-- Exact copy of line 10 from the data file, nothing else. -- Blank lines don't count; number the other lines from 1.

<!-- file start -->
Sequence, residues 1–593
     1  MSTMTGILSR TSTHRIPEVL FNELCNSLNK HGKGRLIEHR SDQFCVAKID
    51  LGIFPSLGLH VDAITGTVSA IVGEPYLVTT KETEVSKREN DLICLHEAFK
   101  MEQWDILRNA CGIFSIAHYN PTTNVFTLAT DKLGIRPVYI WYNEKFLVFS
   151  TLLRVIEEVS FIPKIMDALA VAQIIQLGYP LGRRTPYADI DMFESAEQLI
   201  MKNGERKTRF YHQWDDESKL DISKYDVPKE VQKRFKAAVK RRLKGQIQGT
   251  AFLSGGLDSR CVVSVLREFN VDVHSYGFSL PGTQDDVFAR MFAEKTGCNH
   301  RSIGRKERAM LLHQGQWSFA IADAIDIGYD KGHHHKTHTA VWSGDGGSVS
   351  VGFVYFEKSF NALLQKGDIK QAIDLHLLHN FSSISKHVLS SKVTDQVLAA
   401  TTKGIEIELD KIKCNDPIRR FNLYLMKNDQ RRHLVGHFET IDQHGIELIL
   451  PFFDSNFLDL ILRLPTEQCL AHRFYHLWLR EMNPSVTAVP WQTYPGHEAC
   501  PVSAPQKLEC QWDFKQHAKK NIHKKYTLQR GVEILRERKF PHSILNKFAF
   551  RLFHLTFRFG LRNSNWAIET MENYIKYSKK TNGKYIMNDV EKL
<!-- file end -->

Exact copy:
   401  TTKGIEIELD KIKCNDPIRR FNLYLMKNDQ RRHLVGHFET IDQHGIELIL